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Mfume Eyes Improvements to SBA HUBZone Contracting Program

Washington, D.C.— Today, the House Small Business Committee Subcommittee on Contracting and Infrastructure, led by Chairman Kwesi Mfume (D-MD), held a hearing assessing the Small Business Administration’s (SBA) Historically Underutilized Business Zone (HUBZone) program. Congress created HUBZone in 1997 to boost Federal contracting opportunities for small businesses located in economically distressed areas. 
“Over the years, this Committee and the SBA have worked to increase the stability, certainty, and flexibility of the HUBZone Program. As we chart a path forward, it is vital that we examine how these changes are working for Program participants,” said Chairman Mfume. “By improving the HUBZone Program to meet its full potential, we can empower small businesses to support local economies and uplift socially and economically disadvantaged communities.”
Access to federal contracting opportunities is critical for underserved small businesses as the U.S. government serves as the world's largest purchaser of goods and services. Participants in the HUBZone program can access various incentives, including set-asides, sole-source contracts, and price evaluation preferences. The Small Business Act also sets a 3% government-wide contracting goal for participation by HUBZone small businesses. However, since the inception of HUBZone, the government has not met this goal. 
The hearing allowed members to examine challenges facing the HUBZone program, including consolidation in the small business contracting base due to Category Management, flagging small firm participation in the program, and a lack of reliable program performance metrics. The hearing also focused on the effectiveness of previous program reforms enacted by Congress and the SBA to increase stability, certainty, and flexibility within HUBZone. Witnesses testified on their experience within HUBZone and offered suggestions for actions to improve the program. 
“I view the federal government’s failure to meet its HUBZone contracting goals as indefensible. The point of the HUBZone program focuses on lifting entire communities through the influx of targeted dollars,” said Matthew Schoonover, Managing Member at Schoonover & Moriarty LLC in Olathe, KS. “These communities are, definitionally, underutilized—when the federal government fails to meet its prime contract goals for HUBZone companies, it fails to help provide needed economic development to these areas.”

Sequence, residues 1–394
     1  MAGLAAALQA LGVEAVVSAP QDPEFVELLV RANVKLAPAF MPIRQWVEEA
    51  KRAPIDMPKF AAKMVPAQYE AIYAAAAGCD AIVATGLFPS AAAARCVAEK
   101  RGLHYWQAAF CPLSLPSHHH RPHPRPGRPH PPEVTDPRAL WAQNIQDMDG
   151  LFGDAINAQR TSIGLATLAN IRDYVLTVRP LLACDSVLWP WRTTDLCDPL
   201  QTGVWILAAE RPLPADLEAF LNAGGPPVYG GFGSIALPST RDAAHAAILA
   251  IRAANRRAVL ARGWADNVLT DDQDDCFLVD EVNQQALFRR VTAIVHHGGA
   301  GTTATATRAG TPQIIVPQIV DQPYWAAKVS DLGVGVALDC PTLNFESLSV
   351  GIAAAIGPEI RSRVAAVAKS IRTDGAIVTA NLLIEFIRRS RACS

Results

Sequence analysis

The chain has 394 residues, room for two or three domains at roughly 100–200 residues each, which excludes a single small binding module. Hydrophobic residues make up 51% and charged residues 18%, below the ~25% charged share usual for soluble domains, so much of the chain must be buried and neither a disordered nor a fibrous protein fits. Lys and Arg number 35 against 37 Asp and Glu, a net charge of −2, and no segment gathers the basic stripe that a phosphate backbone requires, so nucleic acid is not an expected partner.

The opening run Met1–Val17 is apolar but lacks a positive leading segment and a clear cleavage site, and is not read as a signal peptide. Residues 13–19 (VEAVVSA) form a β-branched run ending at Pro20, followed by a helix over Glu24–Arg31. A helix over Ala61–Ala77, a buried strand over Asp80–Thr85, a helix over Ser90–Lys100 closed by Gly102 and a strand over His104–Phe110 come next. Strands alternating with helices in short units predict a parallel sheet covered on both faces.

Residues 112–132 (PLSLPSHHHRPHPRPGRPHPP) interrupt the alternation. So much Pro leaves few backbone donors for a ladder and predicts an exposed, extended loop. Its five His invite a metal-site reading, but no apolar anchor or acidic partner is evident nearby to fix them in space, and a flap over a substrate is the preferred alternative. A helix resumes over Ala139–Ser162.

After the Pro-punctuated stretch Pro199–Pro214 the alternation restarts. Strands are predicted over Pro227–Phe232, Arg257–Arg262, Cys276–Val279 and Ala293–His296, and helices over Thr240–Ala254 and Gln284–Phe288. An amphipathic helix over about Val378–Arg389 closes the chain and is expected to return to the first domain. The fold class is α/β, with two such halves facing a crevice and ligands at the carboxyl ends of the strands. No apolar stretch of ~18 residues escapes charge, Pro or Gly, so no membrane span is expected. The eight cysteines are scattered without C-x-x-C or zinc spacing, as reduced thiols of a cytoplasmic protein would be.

“The HUBZone Program is needed now more than ever, as the number of HUBZone locations around the country have roughly doubled since Congress first created the program more than 25 years ago,” said Shirley Bailey, Chief Executive Officer at Summit Federal Services, LLC in Loch Lynn Heights, MD. “The HUBZone contractor community is optimistic that the Congressional actions to provide more certainty, flexibility, and fair requirements for the program will help it fulfill its promise for more federal agencies, prime contractors, and HUBZone communities across the country.”
“More effort needs to go into awareness and education about the HUBZone program. Although, I have had success in the HUBZone program, statistics show not enough of the contracts have been set-aside for HUBZone certified firms,” said Inés Rivas-Hutchins, Founder and President at Intec Group, LLC in Paducah, KY. “Contracting officers say they are unable to find enough qualified firms to set-aside contracts. On the other hand, HUBZone companies within WCOE have indicated they have a hard time finding contracts. So, more marketing and education for contracting officers, for businesses, and now to Governors regarding their ability to expand the map in their states, would benefit the program.”
“As a thirteen-year HUBZone program member, I have observed the strengths and weaknesses of this program firsthand. I believe it can serve a crucial role in reaching underserved communities, like that of the Rose Hill neighborhood in Charlottesville, VA where our company’s headquarters is located,” said Brent Lillard, CEO and Co-Founder of GovSmart, Inc. in Charlottesville, VA. “I also believe the program has some endemic challenges that need to be addressed to maximize its reach. I further believe the HUBZone program is engaged in an unanticipated competition for Federal contracts with other highly-valued socioeconomic programs – and I believe it is currently losing that competition.”


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